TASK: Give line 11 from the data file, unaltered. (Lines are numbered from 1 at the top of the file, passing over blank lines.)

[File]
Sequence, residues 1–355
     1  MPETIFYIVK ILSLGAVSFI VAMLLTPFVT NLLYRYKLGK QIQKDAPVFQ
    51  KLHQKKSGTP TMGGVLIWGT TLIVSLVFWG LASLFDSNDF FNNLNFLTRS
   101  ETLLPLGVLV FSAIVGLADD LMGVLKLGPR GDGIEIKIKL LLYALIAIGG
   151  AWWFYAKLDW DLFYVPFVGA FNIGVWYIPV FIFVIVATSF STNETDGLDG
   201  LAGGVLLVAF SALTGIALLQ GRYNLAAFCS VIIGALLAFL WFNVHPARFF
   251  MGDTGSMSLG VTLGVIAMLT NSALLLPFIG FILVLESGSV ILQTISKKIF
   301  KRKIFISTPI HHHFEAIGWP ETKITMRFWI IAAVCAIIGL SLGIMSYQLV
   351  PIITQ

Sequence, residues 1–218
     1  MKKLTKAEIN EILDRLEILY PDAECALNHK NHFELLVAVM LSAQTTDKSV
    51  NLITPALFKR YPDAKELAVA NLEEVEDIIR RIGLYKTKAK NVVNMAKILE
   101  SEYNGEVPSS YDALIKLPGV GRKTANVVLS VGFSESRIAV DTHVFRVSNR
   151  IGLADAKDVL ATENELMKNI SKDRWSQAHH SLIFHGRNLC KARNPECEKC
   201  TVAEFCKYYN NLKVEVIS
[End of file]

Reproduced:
     1  MKKLTKAEIN EILDRLEILY PDAECALNHK NHFELLVAVM LSAQTTDKSV